Traditional Index Cards

I would say that index cards are one of the most important items that college students can have. They can be used to jot down key points for a speech or review terms or concepts for an exam, among many other things.

However, you can probably tell from my previous suggestions that I am a big fan of going paperless, so for me old-fashioned 5×7 note cards are a no-go.

Alternative:

There are so many different flashcard apps that students can download for free rather than carrying a bunch of bulky note cards in their pockets. My particular favorite is Quizlet, which is available for Android and iPhone and has three modes of studying: Flashcards (user goes through cards at their own pace), Learn (a question is shown and user types in the answer) and Match (classic matching game).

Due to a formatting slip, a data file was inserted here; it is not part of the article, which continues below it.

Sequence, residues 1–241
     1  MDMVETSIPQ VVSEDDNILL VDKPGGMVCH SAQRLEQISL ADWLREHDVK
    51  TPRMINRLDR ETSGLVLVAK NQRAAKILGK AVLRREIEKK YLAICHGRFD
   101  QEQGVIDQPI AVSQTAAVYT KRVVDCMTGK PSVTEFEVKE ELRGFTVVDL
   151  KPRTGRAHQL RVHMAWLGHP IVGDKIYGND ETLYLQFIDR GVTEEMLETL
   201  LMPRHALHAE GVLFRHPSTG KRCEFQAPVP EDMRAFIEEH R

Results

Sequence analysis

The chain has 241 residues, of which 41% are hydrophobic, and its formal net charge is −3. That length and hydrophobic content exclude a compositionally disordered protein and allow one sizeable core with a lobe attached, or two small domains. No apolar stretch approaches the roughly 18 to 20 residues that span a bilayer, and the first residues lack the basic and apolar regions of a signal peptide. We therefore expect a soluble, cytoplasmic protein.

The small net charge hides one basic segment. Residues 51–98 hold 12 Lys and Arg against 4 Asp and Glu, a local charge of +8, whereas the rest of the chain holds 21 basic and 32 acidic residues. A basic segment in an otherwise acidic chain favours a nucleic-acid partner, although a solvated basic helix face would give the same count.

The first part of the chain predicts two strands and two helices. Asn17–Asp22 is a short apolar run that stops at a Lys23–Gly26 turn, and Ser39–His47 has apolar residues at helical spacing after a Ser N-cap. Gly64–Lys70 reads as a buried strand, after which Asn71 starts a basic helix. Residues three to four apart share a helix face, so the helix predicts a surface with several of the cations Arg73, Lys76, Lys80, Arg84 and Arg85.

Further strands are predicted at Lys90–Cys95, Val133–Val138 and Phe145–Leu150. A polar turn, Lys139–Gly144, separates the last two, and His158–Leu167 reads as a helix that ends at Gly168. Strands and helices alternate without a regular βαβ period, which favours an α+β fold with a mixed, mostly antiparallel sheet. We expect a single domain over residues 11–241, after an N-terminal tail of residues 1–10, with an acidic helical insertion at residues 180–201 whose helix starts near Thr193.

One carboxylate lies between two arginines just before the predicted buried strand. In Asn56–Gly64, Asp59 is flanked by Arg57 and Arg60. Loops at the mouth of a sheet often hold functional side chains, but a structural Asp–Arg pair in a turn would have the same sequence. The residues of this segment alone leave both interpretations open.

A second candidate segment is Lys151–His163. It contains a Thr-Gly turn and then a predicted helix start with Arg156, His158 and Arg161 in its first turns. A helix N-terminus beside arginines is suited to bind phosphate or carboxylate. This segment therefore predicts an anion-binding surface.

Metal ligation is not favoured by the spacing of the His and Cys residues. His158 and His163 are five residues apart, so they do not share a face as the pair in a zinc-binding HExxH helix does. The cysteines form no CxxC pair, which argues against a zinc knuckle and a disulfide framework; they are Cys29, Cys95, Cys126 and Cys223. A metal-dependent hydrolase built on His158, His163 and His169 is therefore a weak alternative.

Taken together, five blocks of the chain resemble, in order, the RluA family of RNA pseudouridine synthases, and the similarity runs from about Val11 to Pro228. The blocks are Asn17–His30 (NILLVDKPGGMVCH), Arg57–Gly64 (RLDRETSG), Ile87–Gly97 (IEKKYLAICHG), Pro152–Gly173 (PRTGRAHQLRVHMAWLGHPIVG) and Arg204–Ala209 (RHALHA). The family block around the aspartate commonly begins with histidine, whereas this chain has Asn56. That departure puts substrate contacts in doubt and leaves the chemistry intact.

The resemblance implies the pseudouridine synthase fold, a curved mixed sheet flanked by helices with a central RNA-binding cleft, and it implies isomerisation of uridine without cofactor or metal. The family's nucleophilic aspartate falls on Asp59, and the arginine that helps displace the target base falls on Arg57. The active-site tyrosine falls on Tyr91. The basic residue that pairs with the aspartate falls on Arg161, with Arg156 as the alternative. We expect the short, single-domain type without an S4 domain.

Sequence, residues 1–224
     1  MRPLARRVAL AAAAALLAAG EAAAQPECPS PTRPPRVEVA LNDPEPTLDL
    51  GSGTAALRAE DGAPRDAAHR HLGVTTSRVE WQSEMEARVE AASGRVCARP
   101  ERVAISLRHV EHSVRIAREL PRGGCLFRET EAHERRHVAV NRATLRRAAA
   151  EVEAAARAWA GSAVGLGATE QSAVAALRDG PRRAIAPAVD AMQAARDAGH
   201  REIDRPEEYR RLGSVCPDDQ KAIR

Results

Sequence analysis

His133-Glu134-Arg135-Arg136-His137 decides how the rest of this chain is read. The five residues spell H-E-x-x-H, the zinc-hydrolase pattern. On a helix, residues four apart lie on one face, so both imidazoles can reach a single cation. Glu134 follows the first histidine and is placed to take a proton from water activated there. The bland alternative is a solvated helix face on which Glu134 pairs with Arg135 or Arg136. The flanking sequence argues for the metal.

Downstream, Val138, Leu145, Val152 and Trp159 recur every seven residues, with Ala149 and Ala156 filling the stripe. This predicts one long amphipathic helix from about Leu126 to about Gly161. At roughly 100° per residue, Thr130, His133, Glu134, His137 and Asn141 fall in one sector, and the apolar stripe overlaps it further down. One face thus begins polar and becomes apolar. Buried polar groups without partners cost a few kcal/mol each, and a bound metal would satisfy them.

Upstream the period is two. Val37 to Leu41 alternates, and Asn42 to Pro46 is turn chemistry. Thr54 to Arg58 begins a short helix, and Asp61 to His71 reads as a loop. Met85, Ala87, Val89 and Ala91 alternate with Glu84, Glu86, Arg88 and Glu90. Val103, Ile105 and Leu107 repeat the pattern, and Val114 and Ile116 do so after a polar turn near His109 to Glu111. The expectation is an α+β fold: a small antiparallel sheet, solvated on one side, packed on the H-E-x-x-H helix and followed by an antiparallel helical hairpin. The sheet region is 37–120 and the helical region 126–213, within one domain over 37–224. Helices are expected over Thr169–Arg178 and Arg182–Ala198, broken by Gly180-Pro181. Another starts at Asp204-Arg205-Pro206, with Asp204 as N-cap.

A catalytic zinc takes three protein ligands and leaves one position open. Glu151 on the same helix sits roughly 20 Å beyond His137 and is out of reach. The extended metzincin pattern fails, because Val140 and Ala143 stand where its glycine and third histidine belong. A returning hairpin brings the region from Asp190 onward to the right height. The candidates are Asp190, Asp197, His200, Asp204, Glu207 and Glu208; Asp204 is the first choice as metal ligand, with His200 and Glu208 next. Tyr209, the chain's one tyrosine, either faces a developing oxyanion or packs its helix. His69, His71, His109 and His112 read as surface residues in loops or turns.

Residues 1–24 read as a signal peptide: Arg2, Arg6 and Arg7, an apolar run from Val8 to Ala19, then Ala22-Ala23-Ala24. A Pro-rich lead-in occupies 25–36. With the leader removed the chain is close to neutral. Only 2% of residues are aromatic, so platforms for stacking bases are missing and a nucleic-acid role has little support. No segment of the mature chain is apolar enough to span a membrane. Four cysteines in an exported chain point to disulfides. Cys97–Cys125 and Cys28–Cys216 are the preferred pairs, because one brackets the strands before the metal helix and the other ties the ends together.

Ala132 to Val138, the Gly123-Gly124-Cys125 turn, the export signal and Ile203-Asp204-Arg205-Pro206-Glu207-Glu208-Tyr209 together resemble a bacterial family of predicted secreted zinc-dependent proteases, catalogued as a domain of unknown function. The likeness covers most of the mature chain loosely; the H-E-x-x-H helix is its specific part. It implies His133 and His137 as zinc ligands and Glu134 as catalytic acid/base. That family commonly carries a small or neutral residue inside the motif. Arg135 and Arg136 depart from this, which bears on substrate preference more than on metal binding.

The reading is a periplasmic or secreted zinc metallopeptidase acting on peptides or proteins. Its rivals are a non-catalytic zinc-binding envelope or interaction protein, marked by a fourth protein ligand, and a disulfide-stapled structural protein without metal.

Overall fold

The other flashcard apps that I have also used are Flashcards – formerly known as Flashcardlet – for iPhone and SuperCard for Android. Both free, but for those who would still prefer to use traditional flash cards, go for it! As long as you are finding a way to study that makes your life easier, that’s all that matters.

To close, and for those who are tired of solely reading my input, here are a few perspectives from experienced college students of different majors who have shared the same wasted woes: